Hamas to Change Anti-Semitic Charter
JERUSALEM—Hamas is set to update its foundational charter in a bid to reshape its public image. The amendments to the 29-year-old document of the Gaza-based Palestinian group will be officially released in April. However, some details of the forthcoming changes were reported in Asharq al-Awsat on March 7.
Here are three of the more dramatic changes, as relayed by Hamas sources, all of which will likely give the terrorist group a cleaner public image:
1. Hamas will endorse a Palestinian state with 1967 borders.
According to Dov Leiber of Times of Israel, the endorsement of a Palestinian state following 1967 is a “monumental shift from the group’s long-held policy of reclaiming all of historic Palestine.”
Previously, it was Hamas’s position that any acceptance of boundaries within Israel meant a peace deal with Israel and was therefore tacit recognition of the State of Israel. Now, Hamas is accepting the 1967 lines, but without first recognizing the State of Israel. The update of the charter likely reflects the main thrust of the United Nations Security Council (UNSC) Resolution 2334 passed in December 2016, which calls all Jews living inside the territory held by Jordan before 1967 illegal occupiers.
The previous position of the UNSC was that Palestinians would receive the West Bank as part of their new state only after first recognizing Israel’s right to exist alongside them. Now that world opinion favors the view that the West Bank is already Palestinian land, Hamas does not need to recognize Israel to gain its state. Hamas accepting the 1967 lines is not the same as Hamas accepting two states for two peoples.
2. Hamas will officially break with the Muslim Brotherhood.
Asharq al-Awsat described its source as saying that the charter will also state Hamas’s “separation from any foreign body or organization—in reference to the Muslim Brotherhood in Egypt.” Hamas was founded in 1987 as the Palestinian branch of Egypt’s Muslim Brotherhood. Since Iran took over as Hamas’s main sponsor in the early 2000s, however, the group’s connection to the Muslim Brotherhood has weakened.
While Hamas insists it will continue its strategy of resisting Israel after the new charter comes into effect, separating from the Muslim Brotherhood and its reputation for terrorism will possibly improve Hamas’s own reputation internationally.
Given that the Trumpet has expected the Muslim Brotherhood to return to power in Egypt, and the Egyptians to shift away from the Palestinians, this move by Hamas to cut ties forebodes that event.
3. Hamas will no longer be anti-Semitic.
Hamas has fought three major wars against the Jewish state since seizing Gaza in 2007 and just elected a man that practically invented the terror tunnel strategy, whereby Palestinians tunnel into Israeli territory in order to commit terrorist attacks against Israeli civilians.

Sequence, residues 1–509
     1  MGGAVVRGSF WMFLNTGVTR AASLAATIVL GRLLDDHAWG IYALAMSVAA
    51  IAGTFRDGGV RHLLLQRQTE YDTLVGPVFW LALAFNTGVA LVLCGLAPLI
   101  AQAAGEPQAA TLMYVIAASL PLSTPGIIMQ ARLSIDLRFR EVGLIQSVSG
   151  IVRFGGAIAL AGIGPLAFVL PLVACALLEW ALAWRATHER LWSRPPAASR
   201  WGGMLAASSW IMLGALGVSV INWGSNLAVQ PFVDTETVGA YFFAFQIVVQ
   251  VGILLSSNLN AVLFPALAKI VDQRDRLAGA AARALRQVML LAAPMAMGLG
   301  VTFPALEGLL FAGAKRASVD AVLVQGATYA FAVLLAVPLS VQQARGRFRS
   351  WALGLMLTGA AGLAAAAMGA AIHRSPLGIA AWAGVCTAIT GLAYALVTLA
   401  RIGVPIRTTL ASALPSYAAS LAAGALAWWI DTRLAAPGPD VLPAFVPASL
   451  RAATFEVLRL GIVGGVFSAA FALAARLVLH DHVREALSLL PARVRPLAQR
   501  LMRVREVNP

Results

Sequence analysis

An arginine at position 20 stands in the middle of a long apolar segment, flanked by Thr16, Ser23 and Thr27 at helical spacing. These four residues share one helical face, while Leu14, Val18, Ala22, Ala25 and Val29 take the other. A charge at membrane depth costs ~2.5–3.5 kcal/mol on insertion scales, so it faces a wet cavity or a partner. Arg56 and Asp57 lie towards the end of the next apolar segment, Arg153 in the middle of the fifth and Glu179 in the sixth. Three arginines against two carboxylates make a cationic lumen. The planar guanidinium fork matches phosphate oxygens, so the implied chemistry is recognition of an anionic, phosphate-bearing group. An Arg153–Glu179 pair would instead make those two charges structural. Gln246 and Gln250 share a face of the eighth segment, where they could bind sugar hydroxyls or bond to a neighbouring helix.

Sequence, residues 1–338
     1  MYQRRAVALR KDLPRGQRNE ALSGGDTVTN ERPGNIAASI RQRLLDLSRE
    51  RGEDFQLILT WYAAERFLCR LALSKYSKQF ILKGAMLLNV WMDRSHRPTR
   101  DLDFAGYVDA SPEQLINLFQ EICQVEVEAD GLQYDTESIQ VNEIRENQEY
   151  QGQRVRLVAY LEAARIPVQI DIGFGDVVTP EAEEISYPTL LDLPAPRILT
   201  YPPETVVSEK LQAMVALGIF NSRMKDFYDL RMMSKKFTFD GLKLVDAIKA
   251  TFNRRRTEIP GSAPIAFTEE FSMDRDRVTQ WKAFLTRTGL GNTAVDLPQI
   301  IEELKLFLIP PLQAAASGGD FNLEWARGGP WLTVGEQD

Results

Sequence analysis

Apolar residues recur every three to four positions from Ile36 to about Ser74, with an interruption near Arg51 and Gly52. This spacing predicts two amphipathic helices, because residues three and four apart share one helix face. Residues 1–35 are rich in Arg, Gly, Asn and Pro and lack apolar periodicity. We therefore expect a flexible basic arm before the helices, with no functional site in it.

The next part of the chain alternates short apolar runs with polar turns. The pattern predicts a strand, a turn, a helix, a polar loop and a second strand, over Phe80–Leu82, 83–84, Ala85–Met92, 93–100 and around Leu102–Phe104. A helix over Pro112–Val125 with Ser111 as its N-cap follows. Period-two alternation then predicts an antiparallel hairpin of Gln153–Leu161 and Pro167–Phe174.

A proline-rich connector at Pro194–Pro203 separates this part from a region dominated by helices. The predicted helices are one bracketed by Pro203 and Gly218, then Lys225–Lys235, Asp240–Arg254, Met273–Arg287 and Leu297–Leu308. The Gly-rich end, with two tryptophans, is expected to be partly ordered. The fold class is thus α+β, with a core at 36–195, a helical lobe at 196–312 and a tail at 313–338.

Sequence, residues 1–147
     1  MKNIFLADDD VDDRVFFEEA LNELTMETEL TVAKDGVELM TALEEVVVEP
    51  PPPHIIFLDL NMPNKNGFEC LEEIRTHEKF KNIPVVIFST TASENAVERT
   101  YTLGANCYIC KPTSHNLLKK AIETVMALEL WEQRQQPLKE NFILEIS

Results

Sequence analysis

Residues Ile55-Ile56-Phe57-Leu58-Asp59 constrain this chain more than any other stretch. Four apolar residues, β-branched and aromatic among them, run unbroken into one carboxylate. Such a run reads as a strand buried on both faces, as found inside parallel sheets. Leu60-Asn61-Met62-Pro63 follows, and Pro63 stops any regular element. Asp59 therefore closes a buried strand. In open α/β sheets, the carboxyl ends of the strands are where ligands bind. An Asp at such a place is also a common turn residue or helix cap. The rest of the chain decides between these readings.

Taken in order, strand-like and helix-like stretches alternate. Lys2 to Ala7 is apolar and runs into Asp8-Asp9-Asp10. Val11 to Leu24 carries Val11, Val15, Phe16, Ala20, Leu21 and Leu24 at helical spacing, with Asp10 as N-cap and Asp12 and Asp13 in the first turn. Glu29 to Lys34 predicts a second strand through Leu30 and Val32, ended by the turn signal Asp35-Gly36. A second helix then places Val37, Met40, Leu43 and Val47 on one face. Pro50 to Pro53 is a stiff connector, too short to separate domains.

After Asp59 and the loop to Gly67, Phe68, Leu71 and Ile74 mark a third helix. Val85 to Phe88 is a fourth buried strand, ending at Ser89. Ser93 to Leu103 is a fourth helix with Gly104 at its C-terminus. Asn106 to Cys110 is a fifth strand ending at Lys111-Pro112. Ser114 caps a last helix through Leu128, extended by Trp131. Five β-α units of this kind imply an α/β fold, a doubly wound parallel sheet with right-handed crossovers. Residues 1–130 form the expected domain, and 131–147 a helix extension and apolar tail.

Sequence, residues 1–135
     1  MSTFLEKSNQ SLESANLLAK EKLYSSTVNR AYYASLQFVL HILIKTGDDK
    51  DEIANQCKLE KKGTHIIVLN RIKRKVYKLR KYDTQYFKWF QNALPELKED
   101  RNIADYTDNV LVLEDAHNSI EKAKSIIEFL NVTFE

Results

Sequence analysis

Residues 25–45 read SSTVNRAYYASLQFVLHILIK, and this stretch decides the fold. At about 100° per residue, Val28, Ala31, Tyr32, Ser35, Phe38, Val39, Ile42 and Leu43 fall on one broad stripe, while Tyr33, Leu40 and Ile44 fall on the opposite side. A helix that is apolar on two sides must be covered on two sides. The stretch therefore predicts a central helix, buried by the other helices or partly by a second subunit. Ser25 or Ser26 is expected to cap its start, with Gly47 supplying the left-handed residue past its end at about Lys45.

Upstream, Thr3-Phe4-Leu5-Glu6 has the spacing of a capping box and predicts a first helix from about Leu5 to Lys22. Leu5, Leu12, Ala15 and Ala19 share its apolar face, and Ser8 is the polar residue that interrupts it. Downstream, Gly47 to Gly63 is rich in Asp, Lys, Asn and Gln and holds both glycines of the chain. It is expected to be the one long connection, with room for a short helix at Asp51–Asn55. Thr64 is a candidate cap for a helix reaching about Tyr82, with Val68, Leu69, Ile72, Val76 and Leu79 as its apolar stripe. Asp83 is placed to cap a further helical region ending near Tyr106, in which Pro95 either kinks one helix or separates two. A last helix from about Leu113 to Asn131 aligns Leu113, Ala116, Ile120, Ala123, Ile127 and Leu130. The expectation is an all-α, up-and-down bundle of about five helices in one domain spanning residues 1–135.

Hamas now sees, however, that it is politically expedient to expunge the most virulent hate speech from its charter, some of which includes the claims that the Jews were behind both world wars as well as numerous other injustices against humanity.
Asharq al-Awsat’s Hamas sources say that one new change to the charter “strictly defines animosity against occupying forces, and not Jews in an attempt to shake off accusations of anti-Semitism.”
By removing the overtly anti-Semitic remarks in its charter and instead focusing on the resistance against the “occupation,” Hamas again puts itself in line with international consensus.
These three updates to its charter indicate that Hamas wants to change its image, no doubt for the purpose of gaining a strategic advantage. While Hamas will continue its terrorist activities against Israel, as well as its unveiled anti-Semitic rhetoric, these changes will make Hamas a more palatable option for Western nations in regards to future peace negotiations with Israel. It will also likely increase Hamas’s favor among West Bank Palestinians, who have generally sided with Hamas’s more moderate rival, Fatah.
This may be the beginning of Hamas’s attempt to wrest complete control of the Palestinian cause from Fatah—not through an armed takeover but rather through a charm offensive that gets the international sponsors of the Palestinian cause on its side first.
The Trumpet has long expected Hamas to become the voice of the Palestinian people to the international community, as well as to claim leadership inside the West Bank. While its words might change to help achieve its aims, Bible prophecy indicates that it will be a hard-nosed Palestinian group with a strategy of violence that will fight the Jews in order to claim East Jerusalem as its own. That event will mark the first domino to fall in a chain of events that leads to the greatest event yet witnessed in Jerusalem. For a complete understanding of the role that Hamas will play in end-time prophecy, please request Jerusalem in Prophecy by Trumpet editor in chief Gerald Flurry.